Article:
|US4305400 *||Oct 15, 1979||Dec 15, 1981||Squibb Vitatek Inc.||Respiration monitoring method and apparatus including cardio-vascular artifact detection|
|US4318412 *||Nov 15, 1976||Mar 9, 1982||Gilbert P. Hyatt||Arrangement for cardiac electrode implementation|
|US4404974 *||Aug 7, 1981||Sep 20, 1983||Possis Medical, Inc.||Method and apparatus for monitoring and displaying heart rate and blood pressure product information|
|US4450527 *||Jun 29, 1982||May 22, 1984||Bomed Medical Mfg. Ltd.||Noninvasive continuous cardiac output monitor|
|US4509530 *||Dec 27, 1983||Apr 9, 1985||International Business Machines Corporation||System for plotting a miniature ECG|
|US4576178 *||Mar 28, 1983||Mar 18, 1986||David Johnson||Audio signal generator|
|US4608994 *||Dec 20, 1984||Sep 2, 1986||Matsushita Electric Industrial Co., Ltd.||Physiological monitoring system|
|DE2911035A1 *||Mar 21, 1979||Sep 25, 1980||Stuttgart Instgemeinschaft Ev||LF heart beat and biological signals audio generator - uses frequency amplification or input signal squaring to provide signals in audio range|
|GB1597355A *||Title not available|
|GB2054152A *||Title not available|
|Citing Patent||Filing date||Publication date||Applicant||Title|
|US4966157 *||Mar 16, 1989||Oct 30, 1990||Sharp Kabushiki Kaisha||Electrocardiograph operable to form updated sequential series of cardiographic signals|
|US4987901 *||Jun 28, 1989||Jan 29, 1991||Kunig Horst E||Method and apparatus for selecting a physiologically standardized sensor of a multi-sensor electrocardiogram sensor set|
|US4998535 *||Sep 5, 1989||Mar 12, 1991||Univ. of Washington New England Medical Center Hospitals, Inc.||Thrombolysis predictive instrument|
|US5003983 *||Aug 25, 1988||Apr 2, 1991||Cortec, Inc.||Cardiac monitoring system|
|US5025795 *||Jun 28, 1989||Jun 25, 1991||Kunig Horst E||Non-invasive cardiac performance monitoring device and method|
|US5188117 *||Oct 25, 1991||Feb 23, 1993||Telectronics Pacing Systems, Inc.||Notch filter noise rejection system in a cardiac control device|
|US5240009 *||Mar 25, 1991||Aug 31, 1993||Ventritex, Inc.||Medical device with morphology discrimination|
|US5276612 *||Sep 21, 1990||Jan 4, 1994||New England Medical Center Hospitals, Inc.||Risk management system for use with cardiac patients|
|US5501229 *||Aug 1, 1994||Mar 26, 1996||New England Medical Center Hospital||Continuous monitoring using a predictive instrument|
|US5550902 *||Aug 17, 1994||Aug 27, 1996||American Telecare, Inc.||Remote stethoscope signal processing system|
|US5718233 *||Jan 11, 1996||Feb 17, 1998||New England Medical Center Hospitals, Inc.||Continuous monitoring using a predictive instrument|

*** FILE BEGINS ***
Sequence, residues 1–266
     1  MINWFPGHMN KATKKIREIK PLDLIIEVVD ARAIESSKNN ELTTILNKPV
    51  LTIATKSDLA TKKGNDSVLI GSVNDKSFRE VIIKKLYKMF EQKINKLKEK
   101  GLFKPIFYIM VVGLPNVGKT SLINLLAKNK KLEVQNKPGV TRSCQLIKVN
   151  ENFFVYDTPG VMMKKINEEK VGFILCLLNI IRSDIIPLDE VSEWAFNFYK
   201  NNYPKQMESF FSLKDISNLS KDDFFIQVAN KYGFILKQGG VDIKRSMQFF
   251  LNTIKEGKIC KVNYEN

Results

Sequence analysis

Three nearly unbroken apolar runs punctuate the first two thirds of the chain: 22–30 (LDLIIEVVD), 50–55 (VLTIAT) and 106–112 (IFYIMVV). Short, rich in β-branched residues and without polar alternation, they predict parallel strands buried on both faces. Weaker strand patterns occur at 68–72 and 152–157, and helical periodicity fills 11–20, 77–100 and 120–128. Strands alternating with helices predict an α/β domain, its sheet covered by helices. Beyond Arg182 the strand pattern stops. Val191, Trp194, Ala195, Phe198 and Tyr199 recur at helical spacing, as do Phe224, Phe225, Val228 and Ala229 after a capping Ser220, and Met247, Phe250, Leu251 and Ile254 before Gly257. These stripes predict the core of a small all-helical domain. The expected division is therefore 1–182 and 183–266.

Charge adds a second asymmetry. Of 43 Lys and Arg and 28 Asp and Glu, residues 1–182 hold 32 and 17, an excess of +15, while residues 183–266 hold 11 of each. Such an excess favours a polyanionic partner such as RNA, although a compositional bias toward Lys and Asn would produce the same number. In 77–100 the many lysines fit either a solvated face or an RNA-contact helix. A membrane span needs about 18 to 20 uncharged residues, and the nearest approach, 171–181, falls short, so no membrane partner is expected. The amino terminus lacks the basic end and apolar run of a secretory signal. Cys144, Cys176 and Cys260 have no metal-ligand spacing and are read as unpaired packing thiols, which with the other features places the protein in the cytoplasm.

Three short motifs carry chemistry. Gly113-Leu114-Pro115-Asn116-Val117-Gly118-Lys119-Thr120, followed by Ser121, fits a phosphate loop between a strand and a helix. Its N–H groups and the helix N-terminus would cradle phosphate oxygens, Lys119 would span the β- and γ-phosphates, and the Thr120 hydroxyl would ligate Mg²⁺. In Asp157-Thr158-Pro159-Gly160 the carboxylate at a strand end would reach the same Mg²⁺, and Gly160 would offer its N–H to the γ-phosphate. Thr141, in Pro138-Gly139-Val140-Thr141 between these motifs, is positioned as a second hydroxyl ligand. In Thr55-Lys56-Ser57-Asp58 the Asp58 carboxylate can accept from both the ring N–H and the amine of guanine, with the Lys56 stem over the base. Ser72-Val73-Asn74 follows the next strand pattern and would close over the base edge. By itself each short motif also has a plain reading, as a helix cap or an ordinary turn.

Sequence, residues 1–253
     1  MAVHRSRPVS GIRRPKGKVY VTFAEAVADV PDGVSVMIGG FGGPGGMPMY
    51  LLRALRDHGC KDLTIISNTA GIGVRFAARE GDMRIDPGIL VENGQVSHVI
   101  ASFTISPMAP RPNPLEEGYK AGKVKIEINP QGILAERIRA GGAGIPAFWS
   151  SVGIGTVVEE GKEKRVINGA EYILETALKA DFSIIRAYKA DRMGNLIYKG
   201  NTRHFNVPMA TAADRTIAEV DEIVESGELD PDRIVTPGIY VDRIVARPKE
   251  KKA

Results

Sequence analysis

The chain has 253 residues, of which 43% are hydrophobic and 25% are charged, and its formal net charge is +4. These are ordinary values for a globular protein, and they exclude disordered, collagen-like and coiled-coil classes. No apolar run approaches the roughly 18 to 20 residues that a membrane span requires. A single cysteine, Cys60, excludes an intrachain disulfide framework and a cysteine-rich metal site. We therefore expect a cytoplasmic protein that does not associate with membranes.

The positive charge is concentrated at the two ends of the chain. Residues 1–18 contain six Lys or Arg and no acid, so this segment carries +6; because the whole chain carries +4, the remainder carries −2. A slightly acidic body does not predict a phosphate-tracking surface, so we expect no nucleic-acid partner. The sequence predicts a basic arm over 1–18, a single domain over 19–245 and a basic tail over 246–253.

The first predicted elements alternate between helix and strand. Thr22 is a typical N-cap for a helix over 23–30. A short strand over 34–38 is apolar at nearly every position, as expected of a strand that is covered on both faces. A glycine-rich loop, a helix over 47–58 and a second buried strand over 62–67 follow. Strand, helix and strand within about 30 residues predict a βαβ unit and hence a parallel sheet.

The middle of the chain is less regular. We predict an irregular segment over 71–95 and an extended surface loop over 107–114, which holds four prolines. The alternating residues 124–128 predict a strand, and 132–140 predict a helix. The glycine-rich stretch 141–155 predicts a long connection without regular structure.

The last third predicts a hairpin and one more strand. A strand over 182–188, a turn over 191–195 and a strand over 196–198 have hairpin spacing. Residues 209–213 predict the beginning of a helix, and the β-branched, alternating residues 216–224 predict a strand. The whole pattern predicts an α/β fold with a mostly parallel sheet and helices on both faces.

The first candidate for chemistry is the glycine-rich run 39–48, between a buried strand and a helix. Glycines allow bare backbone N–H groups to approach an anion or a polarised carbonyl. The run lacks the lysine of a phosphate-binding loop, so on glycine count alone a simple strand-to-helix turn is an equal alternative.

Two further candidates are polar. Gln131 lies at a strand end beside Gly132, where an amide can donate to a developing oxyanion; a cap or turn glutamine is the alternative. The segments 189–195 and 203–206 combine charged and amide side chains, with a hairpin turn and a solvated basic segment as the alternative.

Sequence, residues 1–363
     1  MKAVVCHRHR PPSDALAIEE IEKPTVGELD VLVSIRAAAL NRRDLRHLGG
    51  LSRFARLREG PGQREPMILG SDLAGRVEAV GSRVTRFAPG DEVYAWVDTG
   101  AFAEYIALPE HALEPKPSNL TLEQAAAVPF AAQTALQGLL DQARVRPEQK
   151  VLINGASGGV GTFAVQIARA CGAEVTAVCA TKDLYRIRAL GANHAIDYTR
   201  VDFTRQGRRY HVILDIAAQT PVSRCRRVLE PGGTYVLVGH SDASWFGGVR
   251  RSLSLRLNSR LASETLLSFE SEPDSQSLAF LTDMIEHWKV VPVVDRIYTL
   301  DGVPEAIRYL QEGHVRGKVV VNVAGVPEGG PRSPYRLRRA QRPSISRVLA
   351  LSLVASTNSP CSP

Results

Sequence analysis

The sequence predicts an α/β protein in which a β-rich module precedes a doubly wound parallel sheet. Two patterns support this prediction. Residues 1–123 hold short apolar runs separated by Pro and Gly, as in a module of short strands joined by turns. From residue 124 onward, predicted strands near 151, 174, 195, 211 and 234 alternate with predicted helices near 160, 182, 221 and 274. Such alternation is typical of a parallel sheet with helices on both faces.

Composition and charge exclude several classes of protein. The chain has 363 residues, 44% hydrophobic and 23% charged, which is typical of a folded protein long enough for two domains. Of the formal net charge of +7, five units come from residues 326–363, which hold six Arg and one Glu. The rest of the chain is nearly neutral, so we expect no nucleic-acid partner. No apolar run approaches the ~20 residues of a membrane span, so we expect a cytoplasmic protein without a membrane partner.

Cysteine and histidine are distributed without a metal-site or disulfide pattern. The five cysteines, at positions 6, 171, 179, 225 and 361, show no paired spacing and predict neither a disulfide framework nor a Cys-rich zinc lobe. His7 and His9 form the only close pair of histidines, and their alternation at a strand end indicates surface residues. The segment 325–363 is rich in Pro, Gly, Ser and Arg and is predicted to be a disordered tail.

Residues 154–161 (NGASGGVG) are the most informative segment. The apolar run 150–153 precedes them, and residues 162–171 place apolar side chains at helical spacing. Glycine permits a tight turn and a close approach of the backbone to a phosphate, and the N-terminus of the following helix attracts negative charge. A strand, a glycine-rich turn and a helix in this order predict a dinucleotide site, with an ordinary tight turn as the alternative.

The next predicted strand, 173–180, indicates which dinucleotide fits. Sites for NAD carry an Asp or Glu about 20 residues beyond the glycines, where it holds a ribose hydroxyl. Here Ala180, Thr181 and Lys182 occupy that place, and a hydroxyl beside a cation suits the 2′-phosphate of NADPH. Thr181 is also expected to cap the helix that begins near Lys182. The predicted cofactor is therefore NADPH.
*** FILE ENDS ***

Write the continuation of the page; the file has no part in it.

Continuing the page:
|US5724983 *||Mar 25, 1996||Mar 10, 1998||New England Center Hospitals, Inc.||Continuous monitoring using a predictive instrument|
|US5841846 *||Sep 16, 1996||Nov 24, 1998||American Telecare, Inc.||Digital telephonic system for stethoscope signal processing|
|US6741264 *||May 11, 1999||May 25, 2004||Gific Corporation||Method of generating an audible indication of data stored in a database|
|US20030032871 *||Jul 17, 2002||Feb 13, 2003||New England Medical Center Hospitals, Inc.||Adjustable coefficients to customize predictive instruments|
|CN103549950B *||Nov 19, 2013||Apr 1, 2015||上海理工大学||Improved difference threshold detection algorithm for mobile ECG (electrocardiogram) monitoring|
|DE102004044436B3 *||Sep 14, 2004||Jun 8, 2006||Siemens Ag||ECG monitoring device e.g. for use during invasive operations, has interrupted R-peak basic tone of ECG output superimposed with further tone for generating polyphonic output|
|WO1989009021A1 *||Mar 24, 1989||Oct 5, 1989||Survival Technology||Heart monitor for acquiring three simultaneous leads|
|WO1991003203A1 *||Sep 5, 1990||Mar 21, 1991||New England Medical Center Inc||A thrombolysis predictive instrument|
|WO1993005703A1 *||Sep 20, 1991||Apr 1, 1993||Kenneth N Matsumura||Device for computer-assisted monitoring of the body|
|U.S. Classification||600/509, 600/517, 600/525, 600/514|
|International Classification||A61B5/044, G06F17/00|
|Feb 6, 1992||FPAY||Fee payment|
Year of fee payment: 4
|Feb 13, 1996||REMI||Maintenance fee reminder mailed|
|Jul 7, 1996||LAPS||Lapse for failure to pay maintenance fees|
|Sep 17, 1996||FP||Expired due to failure to pay maintenance fee|
Effective date: 19960710